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ATTITUDES TOWARDS THE ELDERLY AND CAREGIVING AMONG ASIAN INDIAN IMMIGRANTS RESIDING IN CINCINNATI
JOSEPH, VANYA EMMANUELINE

2005, MA, University of Cincinnati, Arts and Sciences : Anthropology.
Asian Indians in the US represent a diverse and growing immigrant minority. Many who have come in recent decades have sponsored older family members and are themselves aging, yet virtually nothing is known about how core, pan-Indian cultural values like filial piety and familism operate in Indian immigrant families with an elderly family member. With the aim of qualitatively exploring and describing attitudes towards aging, the elderly, and familial caregiving in the context of migration, semi-structured interviews were conducted with five, first generation immigrant Hindu Indian women (32+) who had lived with and provided care for an elderly relative (all parents) in the US. In this sample, only one participant had provided total care (bathing, feeding toileting, etc.) to a parent. While most interviews involved diverse expressions of veneration of the elderly and a sense of filial responsibility toward them, those who had encountered difficult caregiving more commonly mentioned the stresses and conflicts associated with multigenerational households. Also, in their perceptions and attitudes toward caregiving for the elderly, participants discussed and displayed a duality. One set of more “traditional” attitudes based on values of filial piety and familism emerged when participants spoke of their elderly parents. Another set of more modern or late capitalist attitudes emphasizing self-reliance or reliance on extra-familial (e.g. institutional) sources of old-age support emerged when participants spoke of their own futures. This duality in attitudes expressed by first generation Asian Indian immigrants toward aging and care-giving for the elderly has implications for emergent forms of cultural identity and for the aging-related health care needs they may experience. Many middle class immigrants with the economic resources needed to bring more family or to provide more personalized or in-home care (like those interviewed here) may place only limited demands on the health care system. However, those with more limited family or economic resources may have to rely on professional health care providers for assistance in culturally sensitive forms of caregiving for their elderly kin.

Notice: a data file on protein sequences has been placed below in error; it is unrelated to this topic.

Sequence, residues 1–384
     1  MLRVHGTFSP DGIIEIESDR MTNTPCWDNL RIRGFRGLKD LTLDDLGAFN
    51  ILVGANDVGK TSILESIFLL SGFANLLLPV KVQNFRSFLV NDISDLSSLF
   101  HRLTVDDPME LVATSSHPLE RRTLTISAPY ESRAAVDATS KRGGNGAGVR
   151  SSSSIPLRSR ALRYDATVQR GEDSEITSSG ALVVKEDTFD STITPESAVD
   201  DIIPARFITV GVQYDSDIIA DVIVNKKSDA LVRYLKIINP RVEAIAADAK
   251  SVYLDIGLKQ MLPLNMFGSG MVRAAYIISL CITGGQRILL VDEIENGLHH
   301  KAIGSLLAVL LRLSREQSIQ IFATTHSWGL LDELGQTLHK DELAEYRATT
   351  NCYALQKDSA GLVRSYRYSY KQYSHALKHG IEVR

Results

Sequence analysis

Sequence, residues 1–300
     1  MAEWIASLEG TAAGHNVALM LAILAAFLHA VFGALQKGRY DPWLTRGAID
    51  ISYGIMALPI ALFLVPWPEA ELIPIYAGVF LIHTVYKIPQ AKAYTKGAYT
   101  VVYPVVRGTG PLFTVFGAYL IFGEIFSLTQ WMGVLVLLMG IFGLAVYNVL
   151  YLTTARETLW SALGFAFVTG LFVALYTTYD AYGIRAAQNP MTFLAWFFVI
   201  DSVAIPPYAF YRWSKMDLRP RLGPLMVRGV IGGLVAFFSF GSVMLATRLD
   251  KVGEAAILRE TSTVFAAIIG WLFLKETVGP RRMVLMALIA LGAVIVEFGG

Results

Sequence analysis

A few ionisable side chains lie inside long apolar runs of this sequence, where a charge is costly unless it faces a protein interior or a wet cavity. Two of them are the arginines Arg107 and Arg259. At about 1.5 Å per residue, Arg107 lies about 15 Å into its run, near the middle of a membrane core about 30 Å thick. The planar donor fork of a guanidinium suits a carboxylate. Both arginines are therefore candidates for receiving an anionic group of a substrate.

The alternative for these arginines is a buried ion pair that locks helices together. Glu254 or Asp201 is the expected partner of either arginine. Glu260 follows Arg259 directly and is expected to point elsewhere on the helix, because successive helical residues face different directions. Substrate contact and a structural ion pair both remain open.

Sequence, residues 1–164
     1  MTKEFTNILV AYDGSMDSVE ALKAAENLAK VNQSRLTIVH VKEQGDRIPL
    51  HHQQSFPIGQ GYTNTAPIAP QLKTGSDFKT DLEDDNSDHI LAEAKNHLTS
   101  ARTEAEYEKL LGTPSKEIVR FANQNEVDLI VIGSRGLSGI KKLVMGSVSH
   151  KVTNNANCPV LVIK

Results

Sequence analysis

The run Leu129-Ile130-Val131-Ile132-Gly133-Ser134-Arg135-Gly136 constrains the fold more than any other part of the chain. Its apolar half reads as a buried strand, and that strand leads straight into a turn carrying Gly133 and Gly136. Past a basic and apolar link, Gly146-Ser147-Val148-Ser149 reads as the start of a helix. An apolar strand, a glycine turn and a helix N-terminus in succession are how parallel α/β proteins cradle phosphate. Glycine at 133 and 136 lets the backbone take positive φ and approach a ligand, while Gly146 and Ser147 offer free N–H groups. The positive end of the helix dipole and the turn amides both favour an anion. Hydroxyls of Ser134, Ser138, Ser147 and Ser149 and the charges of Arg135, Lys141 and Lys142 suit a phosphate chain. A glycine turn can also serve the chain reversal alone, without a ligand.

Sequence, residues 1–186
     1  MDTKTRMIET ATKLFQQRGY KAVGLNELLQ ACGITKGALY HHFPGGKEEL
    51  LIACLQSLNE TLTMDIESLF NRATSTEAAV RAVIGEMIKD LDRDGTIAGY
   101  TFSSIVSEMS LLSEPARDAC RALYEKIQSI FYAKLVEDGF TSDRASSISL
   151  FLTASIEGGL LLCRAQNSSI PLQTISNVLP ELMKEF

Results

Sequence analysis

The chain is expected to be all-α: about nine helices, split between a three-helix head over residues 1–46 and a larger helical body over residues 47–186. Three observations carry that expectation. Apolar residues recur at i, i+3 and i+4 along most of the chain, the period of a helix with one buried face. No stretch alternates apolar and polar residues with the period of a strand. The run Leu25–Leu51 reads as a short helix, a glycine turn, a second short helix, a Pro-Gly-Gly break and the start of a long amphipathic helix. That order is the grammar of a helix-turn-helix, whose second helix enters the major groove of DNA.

Dr. C. Jeffrey Jacobson, Jr. (Advisor)
82 p.

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JOSEPH, V. (2005). ATTITUDES TOWARDS THE ELDERLY AND CAREGIVING AMONG ASIAN INDIAN IMMIGRANTS RESIDING IN CINCINNATI. (Electronic Thesis or Dissertation). Retrieved from https://etd.ohiolink.edu/

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JOSEPH, VANYA. "ATTITUDES TOWARDS THE ELDERLY AND CAREGIVING AMONG ASIAN INDIAN IMMIGRANTS RESIDING IN CINCINNATI." Electronic Thesis or Dissertation. University of Cincinnati, 2005. OhioLINK Electronic Theses and Dissertations Center. 29 May 2015.

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JOSEPH, VANYA "ATTITUDES TOWARDS THE ELDERLY AND CAREGIVING AMONG ASIAN INDIAN IMMIGRANTS RESIDING IN CINCINNATI." Electronic Thesis or Dissertation. University of Cincinnati, 2005. https://etd.ohiolink.edu/

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